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Evelyn Voigt, Karin R Pillunat, Eberhard Spoerl, Richard P Stodtmeister, Lutz E Pillunat; Central retinal venous pressure in patients with retinal vascular occlusion. Invest. Ophthalmol. Vis. Sci. 2014;55(13):4340.
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© ARVO (1962-2015); The Authors (2016-present)
The purpose of the present study was to determine the central retinal venous pressure (CRVP) in patients with retinal vascular occlusions using a contact lens ophthalmodynamometer calibrated in mmHg.
22 patients (13 male/ 9 female; age 64.6+10.5 years) with retinal vascular occlusion on one eye (6x central retinal artery occlusion (CRAO), 3x branch retinal artery occlusion (BRAO), 9x central retinal vein occlusion (CRVO), 4x branch retinal vein occlusion (BRVO)) were included in a prospective clinical study. CRVP was measured using a Goldmann contact lens associated ophthalmodynamometric device (CLD; Meditron GmbH, Voelklingen, Germany) in the occlusion (10) and the healthy fellow eye (22). In 12 patients CRVP in the occlusion eye was not measured because central retinal venous pulsation could not be visualized. As statistical procedures the Pearson correlation and the student’s t-test for independent samples were applied.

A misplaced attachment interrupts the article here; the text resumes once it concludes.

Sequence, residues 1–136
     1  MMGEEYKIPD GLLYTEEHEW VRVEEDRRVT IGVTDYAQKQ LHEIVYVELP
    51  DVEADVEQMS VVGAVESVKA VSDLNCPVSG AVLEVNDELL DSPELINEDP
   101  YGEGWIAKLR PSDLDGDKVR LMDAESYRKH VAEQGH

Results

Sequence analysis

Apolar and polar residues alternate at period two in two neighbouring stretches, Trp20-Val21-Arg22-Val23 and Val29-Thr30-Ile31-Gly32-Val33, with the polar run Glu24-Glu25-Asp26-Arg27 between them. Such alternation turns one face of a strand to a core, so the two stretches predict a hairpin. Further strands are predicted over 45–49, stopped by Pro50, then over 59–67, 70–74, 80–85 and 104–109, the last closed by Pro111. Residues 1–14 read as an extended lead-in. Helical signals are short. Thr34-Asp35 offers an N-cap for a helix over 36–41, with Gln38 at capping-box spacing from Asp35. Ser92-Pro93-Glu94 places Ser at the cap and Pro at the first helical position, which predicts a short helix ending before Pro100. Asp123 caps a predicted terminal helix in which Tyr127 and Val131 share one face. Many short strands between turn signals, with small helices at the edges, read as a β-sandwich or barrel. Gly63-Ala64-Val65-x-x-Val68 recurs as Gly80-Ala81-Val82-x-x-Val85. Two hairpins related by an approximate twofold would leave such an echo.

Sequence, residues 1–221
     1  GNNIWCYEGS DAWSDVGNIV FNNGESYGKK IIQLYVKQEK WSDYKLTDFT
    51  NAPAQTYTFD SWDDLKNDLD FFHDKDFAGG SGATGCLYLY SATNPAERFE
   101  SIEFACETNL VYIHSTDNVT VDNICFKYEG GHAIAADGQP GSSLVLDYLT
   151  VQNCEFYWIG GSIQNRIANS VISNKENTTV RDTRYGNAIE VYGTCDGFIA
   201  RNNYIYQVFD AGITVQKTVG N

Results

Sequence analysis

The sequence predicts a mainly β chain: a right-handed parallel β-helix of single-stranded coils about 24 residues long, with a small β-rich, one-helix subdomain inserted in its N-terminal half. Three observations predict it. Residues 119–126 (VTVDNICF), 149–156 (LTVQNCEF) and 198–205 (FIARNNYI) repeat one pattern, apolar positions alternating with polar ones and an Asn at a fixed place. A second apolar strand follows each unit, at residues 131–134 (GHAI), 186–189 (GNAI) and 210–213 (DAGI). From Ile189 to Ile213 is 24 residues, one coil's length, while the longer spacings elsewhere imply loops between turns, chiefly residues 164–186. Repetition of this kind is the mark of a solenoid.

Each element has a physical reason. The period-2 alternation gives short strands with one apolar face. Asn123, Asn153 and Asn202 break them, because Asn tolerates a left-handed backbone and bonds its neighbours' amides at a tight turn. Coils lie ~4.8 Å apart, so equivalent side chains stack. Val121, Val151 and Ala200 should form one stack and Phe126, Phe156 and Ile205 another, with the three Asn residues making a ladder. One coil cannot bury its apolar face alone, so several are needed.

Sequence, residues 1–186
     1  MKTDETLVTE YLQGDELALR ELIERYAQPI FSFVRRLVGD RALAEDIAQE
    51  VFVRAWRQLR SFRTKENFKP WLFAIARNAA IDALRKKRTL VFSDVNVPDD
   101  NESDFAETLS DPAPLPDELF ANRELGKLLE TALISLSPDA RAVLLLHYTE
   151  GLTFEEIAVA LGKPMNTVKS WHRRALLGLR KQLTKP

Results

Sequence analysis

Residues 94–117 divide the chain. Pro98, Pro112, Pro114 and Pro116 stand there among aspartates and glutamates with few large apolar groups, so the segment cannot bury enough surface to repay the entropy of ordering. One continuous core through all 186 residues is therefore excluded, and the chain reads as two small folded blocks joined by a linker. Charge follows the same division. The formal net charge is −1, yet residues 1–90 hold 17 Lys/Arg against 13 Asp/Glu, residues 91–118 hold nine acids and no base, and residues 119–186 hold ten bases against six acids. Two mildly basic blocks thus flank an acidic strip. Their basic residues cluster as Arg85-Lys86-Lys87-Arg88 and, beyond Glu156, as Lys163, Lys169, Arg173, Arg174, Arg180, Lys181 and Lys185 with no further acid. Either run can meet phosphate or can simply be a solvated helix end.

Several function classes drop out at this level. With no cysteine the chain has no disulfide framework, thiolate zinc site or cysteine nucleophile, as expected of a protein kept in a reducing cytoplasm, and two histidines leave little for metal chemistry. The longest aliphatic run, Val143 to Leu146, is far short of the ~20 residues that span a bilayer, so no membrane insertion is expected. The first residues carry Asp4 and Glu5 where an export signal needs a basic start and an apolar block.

There was no statistically significant difference in CRVP (P=0.466), IOP (P=0.229) and MOPP (mean ocular perfusion pressure, P=0.378) between the occlusion and the healthy fellow eye. A statistically high correlation in CRVP could be shown between both eyes (r=0.948, P=0.0001). CRVP in central retinal vascular occlusions (CRAO and CRVO) was higher than in branch retinal vascular occlusions (BRAO and BRVO): 44.4±13.5 mmHg and 29.9±12.4mmHg respectively (P=0.026).
CRVP in occlusion and healthy fellow eyes showed no significant difference, but a high correlation. If a high CRVP represents a risk factor for central retinal vascular occlusions, the fellow eye would be at risk too. A high venous outflow resistance seems to be present in both eyes and might therefore be a valuable clinical predictor. Interestingly CRVP was elevated in arterial and venous occlusions. The reason might be similar atherosclerotic changes in the lamina cribrosa.
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